14 June 2008

Grits at the Ritz

Audio geeks of yore used to build their custom stereo systems from expensive German-made components, and the finishing touch was a placard that said something along the lines of:

Das Machinenwerken ist nicht fur Gefingerpoken
und Mittengrabben by das Dumkopfen.
Ist easy Snappenspringen und Blowenfusen
mit Poppencorken und Spitzensparken.
Das Rubbernecken Touristen keepen
das Hands in das Pockets und watch
der Blinkenlights.

People thought this was incontinence-provokingly funny. Not the Hogan's Heroes German, but the fact that it was printed! And not just printed, but printed in a Fraktur-like typeface that looked like a real WWII German poster.
I call it grits-at-the-Ritz humor: An expensive, elaborate delivery system makes you think you're going to get something important and valuable, and then--wham! You get a plate of grits. Or a stupid fake-German sign.
In the vinyl-record era, when people saw anything set in type, they assumed it was important, because typography and printing required machines that cost a small fortune and took years to learn how to use. The folks who made novelty-shop tchotchkes knew they could get a laugh by contrasting the important-looking printing process with the dumb gefingerpoken gag.
You don't see the gefingerpoken sign on audio systems anymore, and not just because it's too big to hang on an iPod. Anyone can set type and print a sign now, using machines that cost a few hundred dollars and require virtually no training. In the 21st Century, setting a joke in type doesn't make it funny.
But grits at the Ritz is the idea behind a whole new class of entertainment, from The Real World to EBaumsWorld. We're so accustomed to the broadcast media bringing us "professional" entertainment, we can't help but laugh when we see somebody being a total dork on television!
But YouTube and its ilk are changing all that. Amateur-grade video is becoming the default, and when that happens, the media will lose their ability to bestow importance on the message (or make it funnier). We won't be able to leverage the Ritz-iness of media to make audiences pay attention to our grits, so we'll have to make better messages.
The most powerful example of a medium conferring importance on its content is books. It's at the core of how I define publishing mojo: "For centuries books have been the vehicle for the best that human culture has to offer. . . . publishing mojo [is] the conviction that what we are making is valuable, and deserves all the care and creativity we can muster." Every 21st-Century publisher's mission statement should include learning to create value in a world where value is no longer derived from the laborious book manufacturing process.

01 June 2008

Go ahead, show 'em your a__

At the 2007 conference of the American Association of Collegiate Registrars and Admissions Officers (AACRAO), Anne Valentine, the president of SmartCatalog, gave some suggestions on how to reduce the cost of printing course catalogs. Most were just common sense (cut your page count, use lighter paper, get competitive bids), but one was practically heresy to many of the admissions staffers in the audience. Don't just spend less, she told them, sell advertising and make your catalog pull its own weight.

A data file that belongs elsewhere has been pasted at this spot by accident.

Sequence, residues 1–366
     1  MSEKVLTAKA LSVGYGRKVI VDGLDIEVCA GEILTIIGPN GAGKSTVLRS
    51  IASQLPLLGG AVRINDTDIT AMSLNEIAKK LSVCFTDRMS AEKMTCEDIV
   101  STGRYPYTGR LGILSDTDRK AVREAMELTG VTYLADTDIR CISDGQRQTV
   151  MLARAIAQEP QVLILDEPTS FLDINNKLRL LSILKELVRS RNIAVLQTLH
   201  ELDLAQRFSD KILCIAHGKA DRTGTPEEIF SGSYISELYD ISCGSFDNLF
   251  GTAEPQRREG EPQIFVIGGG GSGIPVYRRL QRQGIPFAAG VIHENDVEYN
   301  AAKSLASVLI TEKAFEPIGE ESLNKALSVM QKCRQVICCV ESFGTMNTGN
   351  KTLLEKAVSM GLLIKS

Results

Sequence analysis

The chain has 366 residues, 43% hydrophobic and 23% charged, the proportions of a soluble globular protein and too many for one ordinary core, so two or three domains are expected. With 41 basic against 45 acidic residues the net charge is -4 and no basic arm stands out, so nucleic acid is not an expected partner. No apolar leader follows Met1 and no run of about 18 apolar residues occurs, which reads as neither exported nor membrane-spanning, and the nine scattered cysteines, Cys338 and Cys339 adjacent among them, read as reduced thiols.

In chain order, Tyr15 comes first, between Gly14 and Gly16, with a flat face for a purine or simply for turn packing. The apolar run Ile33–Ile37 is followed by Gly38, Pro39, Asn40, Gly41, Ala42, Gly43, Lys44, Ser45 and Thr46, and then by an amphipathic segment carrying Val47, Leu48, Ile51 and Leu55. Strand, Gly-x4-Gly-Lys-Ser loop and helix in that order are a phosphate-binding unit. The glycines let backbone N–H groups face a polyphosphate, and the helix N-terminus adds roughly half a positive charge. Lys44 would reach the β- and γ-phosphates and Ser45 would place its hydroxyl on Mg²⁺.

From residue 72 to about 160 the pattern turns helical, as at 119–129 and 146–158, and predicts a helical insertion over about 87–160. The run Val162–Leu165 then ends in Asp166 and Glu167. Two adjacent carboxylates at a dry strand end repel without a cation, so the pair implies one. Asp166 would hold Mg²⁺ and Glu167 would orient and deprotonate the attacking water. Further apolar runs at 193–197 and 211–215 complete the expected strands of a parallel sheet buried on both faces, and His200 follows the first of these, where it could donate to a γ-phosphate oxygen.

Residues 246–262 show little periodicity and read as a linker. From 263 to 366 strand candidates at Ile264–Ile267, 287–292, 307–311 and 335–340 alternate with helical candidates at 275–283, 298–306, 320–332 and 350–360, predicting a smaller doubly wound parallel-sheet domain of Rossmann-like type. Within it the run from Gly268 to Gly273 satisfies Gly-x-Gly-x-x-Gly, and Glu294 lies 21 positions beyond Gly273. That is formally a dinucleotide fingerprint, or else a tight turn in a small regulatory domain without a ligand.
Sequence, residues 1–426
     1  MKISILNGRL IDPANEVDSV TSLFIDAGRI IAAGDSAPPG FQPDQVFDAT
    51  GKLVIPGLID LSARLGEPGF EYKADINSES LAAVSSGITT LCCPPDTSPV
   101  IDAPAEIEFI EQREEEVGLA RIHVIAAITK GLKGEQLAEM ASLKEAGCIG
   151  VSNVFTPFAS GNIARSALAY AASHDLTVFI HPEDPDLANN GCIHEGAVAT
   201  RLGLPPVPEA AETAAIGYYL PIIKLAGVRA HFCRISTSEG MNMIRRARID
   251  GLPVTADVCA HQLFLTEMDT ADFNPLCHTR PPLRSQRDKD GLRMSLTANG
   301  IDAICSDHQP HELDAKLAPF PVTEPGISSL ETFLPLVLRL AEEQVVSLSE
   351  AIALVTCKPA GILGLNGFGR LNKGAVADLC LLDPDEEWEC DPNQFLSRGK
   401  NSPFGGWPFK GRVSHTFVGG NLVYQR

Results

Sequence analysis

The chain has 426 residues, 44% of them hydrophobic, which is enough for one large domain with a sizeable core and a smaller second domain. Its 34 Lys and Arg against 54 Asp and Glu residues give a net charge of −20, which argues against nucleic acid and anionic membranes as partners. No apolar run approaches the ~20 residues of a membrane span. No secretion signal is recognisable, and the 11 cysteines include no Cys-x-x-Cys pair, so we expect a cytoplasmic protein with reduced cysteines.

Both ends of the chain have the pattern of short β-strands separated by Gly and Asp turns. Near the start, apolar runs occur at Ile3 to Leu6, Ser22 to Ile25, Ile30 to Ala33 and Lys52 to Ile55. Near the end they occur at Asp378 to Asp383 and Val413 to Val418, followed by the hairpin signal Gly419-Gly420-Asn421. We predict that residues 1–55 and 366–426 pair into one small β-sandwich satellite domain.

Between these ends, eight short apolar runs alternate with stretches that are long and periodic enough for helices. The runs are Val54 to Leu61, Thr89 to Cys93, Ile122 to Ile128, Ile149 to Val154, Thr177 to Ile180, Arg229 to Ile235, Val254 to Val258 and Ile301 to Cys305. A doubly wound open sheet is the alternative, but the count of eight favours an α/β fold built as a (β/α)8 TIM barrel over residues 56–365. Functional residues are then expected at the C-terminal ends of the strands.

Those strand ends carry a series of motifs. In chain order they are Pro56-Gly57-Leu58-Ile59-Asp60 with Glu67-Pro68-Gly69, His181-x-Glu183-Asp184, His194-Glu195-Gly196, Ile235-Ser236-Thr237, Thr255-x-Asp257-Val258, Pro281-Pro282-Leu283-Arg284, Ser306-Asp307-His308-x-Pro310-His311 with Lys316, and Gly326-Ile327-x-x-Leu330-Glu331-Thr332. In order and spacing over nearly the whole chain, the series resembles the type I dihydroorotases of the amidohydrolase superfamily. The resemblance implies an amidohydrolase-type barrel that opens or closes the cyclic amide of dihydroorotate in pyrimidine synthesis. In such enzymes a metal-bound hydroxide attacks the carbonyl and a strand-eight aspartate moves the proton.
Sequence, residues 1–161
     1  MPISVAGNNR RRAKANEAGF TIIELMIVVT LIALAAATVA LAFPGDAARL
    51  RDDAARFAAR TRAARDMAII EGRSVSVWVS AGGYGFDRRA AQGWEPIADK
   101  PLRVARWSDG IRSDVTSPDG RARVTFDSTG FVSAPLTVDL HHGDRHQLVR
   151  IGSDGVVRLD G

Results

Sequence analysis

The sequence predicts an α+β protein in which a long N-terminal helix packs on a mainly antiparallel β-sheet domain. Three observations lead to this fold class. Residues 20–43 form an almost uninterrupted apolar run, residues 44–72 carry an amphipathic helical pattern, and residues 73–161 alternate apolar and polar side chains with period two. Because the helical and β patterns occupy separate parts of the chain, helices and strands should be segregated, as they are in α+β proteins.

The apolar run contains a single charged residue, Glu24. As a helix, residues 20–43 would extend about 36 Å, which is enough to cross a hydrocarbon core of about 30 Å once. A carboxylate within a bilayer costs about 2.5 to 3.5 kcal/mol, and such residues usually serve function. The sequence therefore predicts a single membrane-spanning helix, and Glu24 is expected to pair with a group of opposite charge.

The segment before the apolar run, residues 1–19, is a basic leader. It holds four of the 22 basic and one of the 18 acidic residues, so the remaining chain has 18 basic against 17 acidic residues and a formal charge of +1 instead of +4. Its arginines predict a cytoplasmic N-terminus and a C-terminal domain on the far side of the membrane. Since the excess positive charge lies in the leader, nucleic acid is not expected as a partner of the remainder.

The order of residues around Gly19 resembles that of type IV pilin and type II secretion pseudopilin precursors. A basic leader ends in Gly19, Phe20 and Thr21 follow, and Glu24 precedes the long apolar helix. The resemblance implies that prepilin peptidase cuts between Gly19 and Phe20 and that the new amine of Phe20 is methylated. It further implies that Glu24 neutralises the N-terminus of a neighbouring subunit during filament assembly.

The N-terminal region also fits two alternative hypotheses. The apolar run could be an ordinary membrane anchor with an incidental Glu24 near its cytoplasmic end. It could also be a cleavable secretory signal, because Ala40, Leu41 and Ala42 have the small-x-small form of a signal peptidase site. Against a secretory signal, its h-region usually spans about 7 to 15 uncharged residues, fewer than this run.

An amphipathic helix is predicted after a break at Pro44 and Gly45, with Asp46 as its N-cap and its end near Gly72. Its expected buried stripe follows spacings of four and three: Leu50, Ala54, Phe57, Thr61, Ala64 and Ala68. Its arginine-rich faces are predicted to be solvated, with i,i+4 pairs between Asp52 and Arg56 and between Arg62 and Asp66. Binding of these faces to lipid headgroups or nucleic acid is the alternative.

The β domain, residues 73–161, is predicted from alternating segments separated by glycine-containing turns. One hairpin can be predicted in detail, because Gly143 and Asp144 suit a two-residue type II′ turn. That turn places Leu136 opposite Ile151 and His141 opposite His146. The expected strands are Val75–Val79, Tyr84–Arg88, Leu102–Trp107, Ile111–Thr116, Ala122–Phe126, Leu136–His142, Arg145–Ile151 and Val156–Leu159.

Anne had uttered the unmentionable A-word. To accept advertising is to wear the scarlet letter of intellectual prostitution.
I was reminded of Anne's session by an article in the May 29 Rolling Stone, "Rock's New Economy: Making Money When CDs Don't Sell." For the baby boomers who launched Rolling Stone, the rock music brand was defined by flipping off the corporate suits. When John Sebastian sang a McDonald's commercial, millions wailed, John, you were at Woodstock! How could you sell out like that?
That was then. Now, writes RS reporter Fred Goodman, "Album sales are down 25% since 2000 . . . but smart artists and managers are finding new ways to reach fans and make money." Goodman cites a six-figure deal that "paired Robert Plant and Alison Krauss' 'Killing the Blues' with the TV ad for American Living, Ralph Lauren's new clothing line for JC Penney." The dude from Led Zep is pimpin' for JC Penney? Total bummer!
That self-righteousness is starting to erode. Some of the players in the emerging media matrix (PublishingMojo, May 17) have traditionally been paid by advances and royalties (books, movies, and music), while others (magazines, newspapers, television, and radio) have sold advertising to let audiences get the content free, or at least cheap. As long as book, movie, and music consumers had to shoulder the entire cost of the delivery module (book, DVD, CD), the publishers and studios could claim that the absence of advertising was proof of artistic integrity.
But free-or-cheap content is now the norm, and like college admissions officers, the royalty-driven media have to question the reasons they still resist advertising:
  • They have an overdeveloped sense of fairness: If I say yes to Pete's Pizza, how can I say no to Sadie's Strip Joint and Gus's Gun Shop? It's easier than you think. The First Amendment doesn't guarantee anyone the right to use your vehicle for their ad.
  • They fear conflict of interest, real or apparent: What if Acme Auto Service threatens to pull their ad unless we give them the maintenance contract on our fleet of vehicles? Do what any other businessperson would do: Either call their bluff or give them the contract.
And the publishers and studios may not have to sacrifice as much integrity as they think. After all, the gold standard of journalistic objectivity in the US is The New York Times, and they print all the advertising that fits.